Public-private partnerships are not a new phenomenon. One hundred and fifty years ago Alexis de Tocqueville, as noted elsewhere in this volume, cited extragovernmental associations as America's legacy to democracy. Donald Haider points out in his essay on partnerships in Chicago that the very look of that city reflects a plan designed by a public-private partnership in 1909. The Commercial Club of Chicago, comprising the city's most prominent business leaders, asked Daniel Burnham to draft the Chicago Plan, which guided the city's economic and physical growth for decades thereafter. In the 1940s the Allegheny Conference for Community Development was formed in Pittsburgh. It continues to function today as one of the most vibrant examples of public-private partnerships dedicated to improved education and economic development in this country. In St. Louis, Southwestern Bell has been an active supporter of school-business partnerships for more than twenty years. Then why the current flurry of interest in public-private partnerships?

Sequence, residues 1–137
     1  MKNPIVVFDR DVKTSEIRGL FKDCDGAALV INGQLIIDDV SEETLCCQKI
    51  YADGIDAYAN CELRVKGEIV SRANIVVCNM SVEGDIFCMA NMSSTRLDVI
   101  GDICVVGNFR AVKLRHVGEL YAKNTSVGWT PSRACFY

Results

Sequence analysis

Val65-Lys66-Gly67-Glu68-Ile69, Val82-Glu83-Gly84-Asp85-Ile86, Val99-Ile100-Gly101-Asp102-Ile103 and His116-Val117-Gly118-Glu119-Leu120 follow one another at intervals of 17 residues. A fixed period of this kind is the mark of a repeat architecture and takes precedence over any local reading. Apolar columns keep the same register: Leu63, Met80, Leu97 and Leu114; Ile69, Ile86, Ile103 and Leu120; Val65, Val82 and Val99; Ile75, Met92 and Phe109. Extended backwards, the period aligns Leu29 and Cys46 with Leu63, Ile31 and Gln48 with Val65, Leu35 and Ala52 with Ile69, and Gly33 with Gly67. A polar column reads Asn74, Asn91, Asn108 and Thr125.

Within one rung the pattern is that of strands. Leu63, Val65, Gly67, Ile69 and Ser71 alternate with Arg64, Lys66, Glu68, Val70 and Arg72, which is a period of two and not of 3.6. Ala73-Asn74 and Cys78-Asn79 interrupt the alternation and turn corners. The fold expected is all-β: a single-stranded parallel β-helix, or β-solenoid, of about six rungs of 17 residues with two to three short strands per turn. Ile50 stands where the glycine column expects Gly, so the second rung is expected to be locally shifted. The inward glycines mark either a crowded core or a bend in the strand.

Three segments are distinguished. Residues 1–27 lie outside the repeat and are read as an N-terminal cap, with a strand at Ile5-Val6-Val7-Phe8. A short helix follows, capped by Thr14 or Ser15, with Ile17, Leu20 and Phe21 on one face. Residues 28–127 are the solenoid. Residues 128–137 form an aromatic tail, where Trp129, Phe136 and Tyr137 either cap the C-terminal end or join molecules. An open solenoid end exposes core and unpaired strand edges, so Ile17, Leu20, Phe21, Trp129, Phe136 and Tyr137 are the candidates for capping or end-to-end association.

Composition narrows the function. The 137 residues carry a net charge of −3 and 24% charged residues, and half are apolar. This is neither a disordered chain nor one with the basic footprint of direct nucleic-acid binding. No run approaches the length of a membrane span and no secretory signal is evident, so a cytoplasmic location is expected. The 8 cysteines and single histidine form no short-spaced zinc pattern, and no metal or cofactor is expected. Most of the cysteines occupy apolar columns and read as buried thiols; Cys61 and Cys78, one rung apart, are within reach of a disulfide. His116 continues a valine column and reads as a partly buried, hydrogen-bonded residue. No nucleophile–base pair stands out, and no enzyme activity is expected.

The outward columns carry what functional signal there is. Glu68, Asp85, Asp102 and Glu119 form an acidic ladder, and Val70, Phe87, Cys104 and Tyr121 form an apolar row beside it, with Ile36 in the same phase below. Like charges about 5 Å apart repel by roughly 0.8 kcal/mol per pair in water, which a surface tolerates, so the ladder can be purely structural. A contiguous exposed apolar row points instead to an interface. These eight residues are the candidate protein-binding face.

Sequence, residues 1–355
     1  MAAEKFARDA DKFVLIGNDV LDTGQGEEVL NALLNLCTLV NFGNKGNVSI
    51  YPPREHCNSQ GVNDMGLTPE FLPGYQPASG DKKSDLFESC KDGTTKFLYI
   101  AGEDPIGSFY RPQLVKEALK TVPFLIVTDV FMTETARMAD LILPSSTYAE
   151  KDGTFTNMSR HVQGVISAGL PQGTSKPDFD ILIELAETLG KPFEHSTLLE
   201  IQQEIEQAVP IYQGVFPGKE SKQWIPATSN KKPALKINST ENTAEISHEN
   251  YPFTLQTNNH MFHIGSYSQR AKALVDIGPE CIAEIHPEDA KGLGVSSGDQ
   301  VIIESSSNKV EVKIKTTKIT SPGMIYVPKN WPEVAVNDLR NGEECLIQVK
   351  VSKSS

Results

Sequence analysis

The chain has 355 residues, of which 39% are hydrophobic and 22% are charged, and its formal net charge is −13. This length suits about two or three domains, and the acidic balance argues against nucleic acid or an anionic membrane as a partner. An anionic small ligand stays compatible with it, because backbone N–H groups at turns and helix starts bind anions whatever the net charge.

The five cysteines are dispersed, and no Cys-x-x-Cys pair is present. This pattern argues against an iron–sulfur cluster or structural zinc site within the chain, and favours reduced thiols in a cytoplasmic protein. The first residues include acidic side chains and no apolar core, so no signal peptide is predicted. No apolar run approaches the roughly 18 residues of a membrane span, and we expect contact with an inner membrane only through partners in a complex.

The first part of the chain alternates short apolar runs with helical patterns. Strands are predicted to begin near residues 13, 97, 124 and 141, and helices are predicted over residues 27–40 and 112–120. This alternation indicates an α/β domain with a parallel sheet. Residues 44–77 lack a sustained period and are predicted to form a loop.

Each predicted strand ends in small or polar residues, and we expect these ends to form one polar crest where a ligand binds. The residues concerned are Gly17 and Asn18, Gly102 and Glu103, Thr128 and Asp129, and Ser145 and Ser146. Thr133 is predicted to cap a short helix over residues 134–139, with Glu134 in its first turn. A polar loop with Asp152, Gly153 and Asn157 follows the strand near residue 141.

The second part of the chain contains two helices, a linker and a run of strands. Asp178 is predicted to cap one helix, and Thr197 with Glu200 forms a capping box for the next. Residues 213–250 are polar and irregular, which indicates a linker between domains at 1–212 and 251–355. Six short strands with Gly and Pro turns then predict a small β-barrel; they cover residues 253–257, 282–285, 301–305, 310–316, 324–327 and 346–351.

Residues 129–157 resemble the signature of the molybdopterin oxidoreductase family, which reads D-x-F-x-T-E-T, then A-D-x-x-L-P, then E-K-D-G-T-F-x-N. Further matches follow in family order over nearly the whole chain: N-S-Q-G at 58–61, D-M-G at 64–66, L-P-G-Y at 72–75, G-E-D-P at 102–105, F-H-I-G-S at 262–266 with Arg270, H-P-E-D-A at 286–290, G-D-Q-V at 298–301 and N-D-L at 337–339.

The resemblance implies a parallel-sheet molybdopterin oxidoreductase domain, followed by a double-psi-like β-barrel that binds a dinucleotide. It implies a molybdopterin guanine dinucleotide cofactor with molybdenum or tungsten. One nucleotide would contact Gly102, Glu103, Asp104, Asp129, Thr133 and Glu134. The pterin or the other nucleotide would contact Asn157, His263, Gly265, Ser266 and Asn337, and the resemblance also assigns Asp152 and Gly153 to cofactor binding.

Before that question is addressed, it will be useful to describe some of the elements that are inherent in partnerships and to consider the nature of the heightened interest in these institutions.
First, public-private partnerships often begin as partnerships between businesses or business leaders. Their collaboration precedes the more formal stage of partnership when the private, nonprofit, and public sectors actively engage in shared projects and programs designed to marshal maximum resources and to share risks for the benefit of the community. At the start, business leaders come together in the belief that their support of some civic need requires extraordinary action; that it is no longer sufficient for businesses to display good citizenship by merely paying taxes, employing local residents, and sometimes engaging in philanthropic behavior. An urban crisis, the near bankruptcy of New York City, the Chicago riots, the deterioration of waterfront Baltimore: these situations mobilized visionary business leaders like David Rockefeller and James Rouse to lead a private-sector collaborative for the common good of their city.
Of course, such efforts yield successes insofar as they engage the supportive